Coupons research has typically focused on single-coupon redemption, with scant attention devoted to multiple, competing coupons. To bridge this gap, we observe supermarket shoppers who used their smartphones to scan products in-store, receiving both coupons for the scanned product and several others as a result. We model the determinants of redemption in this context, particularly net price range (NPR), coupon value, brand loyalty, and number of coupons. Latent class analysis uncovers two consumer segments: brand-focused shoppers (79.9%), who use internal reference prices, and deal-prone shoppers (20.1%), who use stimulus-based reference prices. Targeting by means of segment membership, NPR, and loyalty is indispensable: the same $0.50 coupon can have a redemption probability as low as 30% and as large as 80%, depending on these characteristics. Overall, the study sheds light on drivers of redemption under competition and provides managers with a blueprint to improve redemption rates by targeting shoppers with customized coupons.
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The literature sometimes refers to SRP as the external reference price, because price depends on current rather than remembered prices. While the external reference price and SRP are sometimes used interchangeably, we adopt the SRP designation to refer specifically to reference prices based on a consumer’s comparison of a range of current prices, as consistent with the literature on range theory.
We thank an anonymous reviewer for suggesting these two potential confounds.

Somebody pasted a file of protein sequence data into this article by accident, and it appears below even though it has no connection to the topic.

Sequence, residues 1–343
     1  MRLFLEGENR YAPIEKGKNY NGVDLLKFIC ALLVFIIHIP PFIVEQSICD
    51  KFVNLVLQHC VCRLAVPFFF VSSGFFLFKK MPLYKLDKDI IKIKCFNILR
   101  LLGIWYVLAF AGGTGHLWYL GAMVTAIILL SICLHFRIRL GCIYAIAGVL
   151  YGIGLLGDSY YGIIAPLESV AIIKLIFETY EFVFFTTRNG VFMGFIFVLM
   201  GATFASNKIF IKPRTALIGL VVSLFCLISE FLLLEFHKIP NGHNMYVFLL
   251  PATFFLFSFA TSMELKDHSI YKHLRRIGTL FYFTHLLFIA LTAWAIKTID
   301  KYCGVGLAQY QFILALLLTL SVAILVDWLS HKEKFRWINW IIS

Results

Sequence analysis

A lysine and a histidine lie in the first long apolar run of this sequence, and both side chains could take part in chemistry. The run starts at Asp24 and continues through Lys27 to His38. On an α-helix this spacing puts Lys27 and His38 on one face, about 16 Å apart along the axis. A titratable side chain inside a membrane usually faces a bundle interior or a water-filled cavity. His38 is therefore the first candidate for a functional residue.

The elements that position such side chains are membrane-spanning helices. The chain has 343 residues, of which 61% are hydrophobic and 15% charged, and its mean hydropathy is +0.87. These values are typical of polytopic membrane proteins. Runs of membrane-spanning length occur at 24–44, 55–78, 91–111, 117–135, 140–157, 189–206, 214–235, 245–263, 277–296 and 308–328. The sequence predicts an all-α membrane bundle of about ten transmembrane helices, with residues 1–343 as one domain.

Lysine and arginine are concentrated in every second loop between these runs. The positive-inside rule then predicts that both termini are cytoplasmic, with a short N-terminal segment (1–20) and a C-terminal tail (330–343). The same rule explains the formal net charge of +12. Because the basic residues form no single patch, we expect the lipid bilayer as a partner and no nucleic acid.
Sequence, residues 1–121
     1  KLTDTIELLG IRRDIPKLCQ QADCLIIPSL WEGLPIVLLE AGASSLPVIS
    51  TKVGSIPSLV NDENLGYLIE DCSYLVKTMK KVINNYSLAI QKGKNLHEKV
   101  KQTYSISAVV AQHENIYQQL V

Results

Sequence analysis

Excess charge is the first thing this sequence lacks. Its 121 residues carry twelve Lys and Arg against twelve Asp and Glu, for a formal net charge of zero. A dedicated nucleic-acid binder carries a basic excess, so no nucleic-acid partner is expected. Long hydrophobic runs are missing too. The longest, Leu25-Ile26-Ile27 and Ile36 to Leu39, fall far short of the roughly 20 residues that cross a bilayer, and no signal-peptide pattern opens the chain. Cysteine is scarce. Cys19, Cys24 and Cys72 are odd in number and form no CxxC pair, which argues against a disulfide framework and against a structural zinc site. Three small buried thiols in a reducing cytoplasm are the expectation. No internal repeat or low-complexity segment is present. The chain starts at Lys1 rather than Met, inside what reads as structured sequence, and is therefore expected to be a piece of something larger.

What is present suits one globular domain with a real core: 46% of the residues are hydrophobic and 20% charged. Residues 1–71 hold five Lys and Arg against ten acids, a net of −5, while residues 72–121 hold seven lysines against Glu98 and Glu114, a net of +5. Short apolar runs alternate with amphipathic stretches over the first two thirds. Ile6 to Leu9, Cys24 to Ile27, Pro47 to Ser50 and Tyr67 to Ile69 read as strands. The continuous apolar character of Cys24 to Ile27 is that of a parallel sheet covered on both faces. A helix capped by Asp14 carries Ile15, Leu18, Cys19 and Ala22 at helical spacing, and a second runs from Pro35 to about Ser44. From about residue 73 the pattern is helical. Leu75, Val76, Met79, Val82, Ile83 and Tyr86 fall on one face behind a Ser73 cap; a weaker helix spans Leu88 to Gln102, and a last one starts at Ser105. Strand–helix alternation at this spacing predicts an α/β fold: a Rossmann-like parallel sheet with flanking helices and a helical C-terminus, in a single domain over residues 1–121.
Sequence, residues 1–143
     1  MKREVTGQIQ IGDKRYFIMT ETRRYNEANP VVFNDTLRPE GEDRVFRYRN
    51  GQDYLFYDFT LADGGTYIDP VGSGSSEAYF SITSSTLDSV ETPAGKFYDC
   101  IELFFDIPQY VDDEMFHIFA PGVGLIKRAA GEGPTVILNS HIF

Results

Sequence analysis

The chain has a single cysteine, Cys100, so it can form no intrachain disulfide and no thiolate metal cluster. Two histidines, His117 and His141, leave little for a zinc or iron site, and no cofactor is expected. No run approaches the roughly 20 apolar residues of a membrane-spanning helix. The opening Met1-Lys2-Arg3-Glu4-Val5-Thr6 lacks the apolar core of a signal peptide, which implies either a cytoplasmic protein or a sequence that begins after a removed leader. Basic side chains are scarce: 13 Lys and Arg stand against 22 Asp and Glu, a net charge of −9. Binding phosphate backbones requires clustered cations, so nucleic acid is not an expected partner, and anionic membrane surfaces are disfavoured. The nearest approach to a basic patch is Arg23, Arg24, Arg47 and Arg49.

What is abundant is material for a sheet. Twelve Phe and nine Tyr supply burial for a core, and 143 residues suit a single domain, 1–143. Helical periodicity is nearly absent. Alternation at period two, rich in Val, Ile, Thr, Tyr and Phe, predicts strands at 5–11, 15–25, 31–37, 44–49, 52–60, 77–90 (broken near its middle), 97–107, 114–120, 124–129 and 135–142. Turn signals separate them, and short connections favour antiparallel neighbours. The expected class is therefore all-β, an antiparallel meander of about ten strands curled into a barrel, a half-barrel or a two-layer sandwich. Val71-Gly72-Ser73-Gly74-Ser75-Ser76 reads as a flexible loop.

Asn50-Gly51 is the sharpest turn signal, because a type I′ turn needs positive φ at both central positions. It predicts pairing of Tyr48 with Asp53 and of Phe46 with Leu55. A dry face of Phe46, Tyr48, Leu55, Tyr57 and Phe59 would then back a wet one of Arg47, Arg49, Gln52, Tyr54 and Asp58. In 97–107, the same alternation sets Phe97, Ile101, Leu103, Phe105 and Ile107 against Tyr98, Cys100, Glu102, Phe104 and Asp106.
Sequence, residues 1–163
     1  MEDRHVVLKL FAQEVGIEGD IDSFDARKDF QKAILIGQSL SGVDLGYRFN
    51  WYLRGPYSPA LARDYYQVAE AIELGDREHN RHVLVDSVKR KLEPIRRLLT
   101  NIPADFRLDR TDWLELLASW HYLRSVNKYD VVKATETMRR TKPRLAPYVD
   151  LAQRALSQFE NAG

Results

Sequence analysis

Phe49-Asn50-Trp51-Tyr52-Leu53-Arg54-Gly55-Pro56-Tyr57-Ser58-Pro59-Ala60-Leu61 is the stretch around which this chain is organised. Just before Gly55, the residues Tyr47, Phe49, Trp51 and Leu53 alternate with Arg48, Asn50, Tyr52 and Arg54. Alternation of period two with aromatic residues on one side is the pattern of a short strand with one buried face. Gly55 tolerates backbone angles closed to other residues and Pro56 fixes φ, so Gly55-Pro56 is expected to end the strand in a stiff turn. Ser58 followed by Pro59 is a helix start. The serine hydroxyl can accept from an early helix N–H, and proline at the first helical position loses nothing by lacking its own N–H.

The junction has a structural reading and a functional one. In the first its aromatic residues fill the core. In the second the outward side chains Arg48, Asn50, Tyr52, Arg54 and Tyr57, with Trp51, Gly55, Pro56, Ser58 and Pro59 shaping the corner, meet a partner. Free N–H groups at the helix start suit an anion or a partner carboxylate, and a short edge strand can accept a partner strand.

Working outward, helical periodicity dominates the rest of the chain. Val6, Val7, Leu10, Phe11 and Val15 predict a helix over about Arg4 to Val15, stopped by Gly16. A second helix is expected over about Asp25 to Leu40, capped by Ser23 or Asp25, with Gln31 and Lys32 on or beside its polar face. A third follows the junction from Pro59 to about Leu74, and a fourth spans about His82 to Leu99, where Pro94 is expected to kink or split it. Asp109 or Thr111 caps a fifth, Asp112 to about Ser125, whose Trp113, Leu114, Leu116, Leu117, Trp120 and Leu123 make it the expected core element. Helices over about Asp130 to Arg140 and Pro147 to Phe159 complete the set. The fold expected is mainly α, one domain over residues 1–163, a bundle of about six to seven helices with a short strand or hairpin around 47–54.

This figure represents the average face value of grocery coupons redeemed per item. We use this measure because some coupons are redeemed for multiple units, and thus the average face value for all grocery coupons was $1.42.
A possible concern with an isolated store is that shelf prices might be higher than prices in a more competitive location. We tested this possibility by conducting a price comparison. We shopped a basket of products used in this study (by randomly selecting four name-brand products from each of the four major product categories) and compared it to the same basket shopped at a larger store in a nearby city that has three competing grocery retailers. We found no significant difference in the total price of these two shopping baskets (t = 0.37, p > 0.10).
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The authors wish to thank the Marketing Science Institute for their financial support during the early stages of this project, and Jim Wilson, founder of Insight Market Data, for developing the mobile coupon app used in this study.
Rajkumar Venkatesan served as Area Editor for this article.
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Mills, P., Zamudio, C. Scanning for discounts: examining the redemption of competing mobile coupons. J. of the Acad. Mark. Sci. 46, 964–982 (2018). https://doi.org/10.1007/s11747-018-0592-7
- Mobile coupons
- Competing coupons
- Reference price
- Range theory